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And finally, we have this charming story written by local author and playwright Jean Rees for her friend Olivia, aged 4 years and 2 months. (But of course it is also for children everywhere!)

I loved my teddy, I took her everywhere, to visit my Aunt Jessie in Windermere, to the shops with my mother, and sometimes I sneaked her in my red satchel to nursery school.  During playing time my friends would ask to see her and ask me, ‘What is his name?’  I would tell them he is a she teddy; but they would just laugh and say all teddies are boy teddies. 

I suppose that was because I did not name her.

The Teddy with the Button Brown Eyes

I thought about this quite a lot - when I was taking a shower, going for a long walk with her on my back in my rucksack with black draw strings, but most of all when I was up in our tree house which my father had built for us. 

This special place in the oak tree was called Penny’s House.  I loved the tree house almost as much as I loved my teddy.  But one day, I found her under the sofa, one arm sticking out as though she had been hidden.  I was so shocked and even more when I realised that one of her eyes was missing.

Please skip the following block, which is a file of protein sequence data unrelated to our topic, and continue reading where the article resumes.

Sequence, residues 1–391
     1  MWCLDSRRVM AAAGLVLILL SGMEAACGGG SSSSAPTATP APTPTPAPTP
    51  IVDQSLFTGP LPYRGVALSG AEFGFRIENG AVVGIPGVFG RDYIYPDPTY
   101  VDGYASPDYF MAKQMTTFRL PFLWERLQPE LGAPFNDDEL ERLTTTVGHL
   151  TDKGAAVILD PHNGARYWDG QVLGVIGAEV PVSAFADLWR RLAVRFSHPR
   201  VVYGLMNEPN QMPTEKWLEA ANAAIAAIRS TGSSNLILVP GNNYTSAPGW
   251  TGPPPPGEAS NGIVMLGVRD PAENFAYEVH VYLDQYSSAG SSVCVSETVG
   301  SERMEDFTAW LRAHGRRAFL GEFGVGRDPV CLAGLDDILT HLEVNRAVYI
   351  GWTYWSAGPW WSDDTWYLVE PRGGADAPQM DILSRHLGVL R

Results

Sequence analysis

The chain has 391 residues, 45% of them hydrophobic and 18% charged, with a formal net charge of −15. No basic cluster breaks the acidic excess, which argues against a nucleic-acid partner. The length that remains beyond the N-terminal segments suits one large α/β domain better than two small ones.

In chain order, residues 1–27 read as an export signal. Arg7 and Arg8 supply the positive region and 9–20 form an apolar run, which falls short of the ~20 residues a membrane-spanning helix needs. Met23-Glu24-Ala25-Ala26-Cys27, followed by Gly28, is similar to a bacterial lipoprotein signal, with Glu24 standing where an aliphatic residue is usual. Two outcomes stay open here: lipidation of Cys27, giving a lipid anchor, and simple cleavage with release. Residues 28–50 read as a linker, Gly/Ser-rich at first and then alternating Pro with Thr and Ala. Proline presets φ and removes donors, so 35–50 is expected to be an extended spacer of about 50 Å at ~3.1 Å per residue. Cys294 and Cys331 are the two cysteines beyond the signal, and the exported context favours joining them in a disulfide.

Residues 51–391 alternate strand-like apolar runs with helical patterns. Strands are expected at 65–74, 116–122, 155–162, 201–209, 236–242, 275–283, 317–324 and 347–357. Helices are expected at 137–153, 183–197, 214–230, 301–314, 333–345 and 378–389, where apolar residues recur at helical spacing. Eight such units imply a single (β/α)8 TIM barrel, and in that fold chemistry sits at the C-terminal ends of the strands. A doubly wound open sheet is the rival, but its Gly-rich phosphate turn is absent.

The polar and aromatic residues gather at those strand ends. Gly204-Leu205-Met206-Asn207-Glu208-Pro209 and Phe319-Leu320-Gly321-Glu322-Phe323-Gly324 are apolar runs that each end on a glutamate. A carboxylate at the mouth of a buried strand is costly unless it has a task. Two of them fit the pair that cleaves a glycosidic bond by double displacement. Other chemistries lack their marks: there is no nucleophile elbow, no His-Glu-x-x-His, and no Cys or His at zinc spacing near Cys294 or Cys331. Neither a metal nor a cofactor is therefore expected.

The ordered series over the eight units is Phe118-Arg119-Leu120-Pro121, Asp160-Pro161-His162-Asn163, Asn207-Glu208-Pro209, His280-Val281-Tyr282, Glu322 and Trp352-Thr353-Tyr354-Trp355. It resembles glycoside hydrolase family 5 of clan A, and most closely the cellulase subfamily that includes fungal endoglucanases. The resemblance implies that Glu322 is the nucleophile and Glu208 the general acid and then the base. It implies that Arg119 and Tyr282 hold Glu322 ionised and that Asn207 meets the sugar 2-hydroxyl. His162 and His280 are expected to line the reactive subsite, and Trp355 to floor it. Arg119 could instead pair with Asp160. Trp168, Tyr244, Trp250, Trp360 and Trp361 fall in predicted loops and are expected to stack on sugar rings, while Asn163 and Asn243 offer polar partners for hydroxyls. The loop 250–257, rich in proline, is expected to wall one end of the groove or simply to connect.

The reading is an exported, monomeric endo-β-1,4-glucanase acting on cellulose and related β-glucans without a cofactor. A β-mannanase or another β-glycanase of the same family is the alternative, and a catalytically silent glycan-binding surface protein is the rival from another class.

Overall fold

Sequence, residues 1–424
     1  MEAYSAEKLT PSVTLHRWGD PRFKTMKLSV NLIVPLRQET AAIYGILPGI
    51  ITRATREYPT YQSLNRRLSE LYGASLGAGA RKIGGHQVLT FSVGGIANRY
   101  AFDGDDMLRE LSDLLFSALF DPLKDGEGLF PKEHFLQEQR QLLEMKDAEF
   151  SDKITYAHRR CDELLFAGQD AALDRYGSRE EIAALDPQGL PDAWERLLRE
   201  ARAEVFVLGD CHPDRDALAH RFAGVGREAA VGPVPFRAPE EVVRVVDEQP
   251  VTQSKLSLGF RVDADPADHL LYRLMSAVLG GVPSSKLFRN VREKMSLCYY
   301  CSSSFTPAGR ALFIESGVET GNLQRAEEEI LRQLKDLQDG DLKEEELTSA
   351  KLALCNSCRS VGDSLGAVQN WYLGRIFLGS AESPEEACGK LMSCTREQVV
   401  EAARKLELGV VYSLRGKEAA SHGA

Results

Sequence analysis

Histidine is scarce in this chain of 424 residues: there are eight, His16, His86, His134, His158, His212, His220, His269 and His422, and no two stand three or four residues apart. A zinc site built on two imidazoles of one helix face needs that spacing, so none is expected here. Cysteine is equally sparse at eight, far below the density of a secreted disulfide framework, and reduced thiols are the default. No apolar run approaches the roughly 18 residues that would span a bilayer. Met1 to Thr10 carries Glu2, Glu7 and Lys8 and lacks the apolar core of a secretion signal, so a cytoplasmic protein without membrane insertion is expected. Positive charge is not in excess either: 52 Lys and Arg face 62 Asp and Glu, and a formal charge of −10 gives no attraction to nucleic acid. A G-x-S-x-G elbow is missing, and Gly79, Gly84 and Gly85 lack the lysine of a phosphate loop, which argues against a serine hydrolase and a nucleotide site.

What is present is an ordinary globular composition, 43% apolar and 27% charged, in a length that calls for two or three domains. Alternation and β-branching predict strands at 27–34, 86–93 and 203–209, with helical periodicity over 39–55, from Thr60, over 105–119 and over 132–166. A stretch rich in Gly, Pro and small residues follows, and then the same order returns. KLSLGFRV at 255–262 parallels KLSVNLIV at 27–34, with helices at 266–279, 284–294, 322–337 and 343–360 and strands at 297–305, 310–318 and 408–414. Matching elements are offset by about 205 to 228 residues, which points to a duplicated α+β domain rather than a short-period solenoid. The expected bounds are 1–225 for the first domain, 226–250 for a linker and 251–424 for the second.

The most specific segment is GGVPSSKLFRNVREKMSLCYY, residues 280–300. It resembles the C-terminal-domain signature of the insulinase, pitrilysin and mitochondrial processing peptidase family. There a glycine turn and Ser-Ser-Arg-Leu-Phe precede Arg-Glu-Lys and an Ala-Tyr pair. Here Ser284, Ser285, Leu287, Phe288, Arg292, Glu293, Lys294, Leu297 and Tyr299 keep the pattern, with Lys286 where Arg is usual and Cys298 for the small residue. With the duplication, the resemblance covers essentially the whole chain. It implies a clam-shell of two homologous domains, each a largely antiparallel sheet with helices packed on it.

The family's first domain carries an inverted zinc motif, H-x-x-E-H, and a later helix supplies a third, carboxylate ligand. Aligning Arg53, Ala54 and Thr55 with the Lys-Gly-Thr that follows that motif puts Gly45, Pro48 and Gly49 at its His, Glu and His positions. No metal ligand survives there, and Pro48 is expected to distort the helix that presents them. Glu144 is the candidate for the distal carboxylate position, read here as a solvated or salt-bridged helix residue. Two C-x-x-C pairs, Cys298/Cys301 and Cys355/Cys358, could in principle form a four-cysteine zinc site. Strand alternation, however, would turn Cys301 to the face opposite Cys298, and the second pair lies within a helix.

My mother was surprised too, she told me not to cry, we could mend her like we had done when my china doll was  broken and we took her to the doll's hospital in the city. That was the time I went by bus on my first ever journey with my mum; it was such a treat seeing so many shops full of shiny cups and saucers and coloured umbrellas.

But I decided I could mend her myself.  I went to my mum’s sewing basket which was full of bright cotton threads of purple, silver and green.  Inside mum keeps a beautiful casket, I called it a box, full of buttons, some from grandmother’s shift, some funny shirt buttons and lots of loose ones from which I made picture shapes.  Then I found it, just the right button for teddy’s missing eye.

It was quite flat, about the size of a halfpenny and as brown as could be. 

Just right, I thought.  I found brown thread, not on a bobbin like the other threads, but in a kind of long loop shape, like my skipping rope. 

I started with a couple of stitches to fix the end to teddy and then added the button with as many in and out stitches as I could, making sure that it would stay in place.

My mum and dad, and my big sister from behind the piano, laughed and said how funny she looked; and from that day I called my teddy, Buttons.

Jean Rees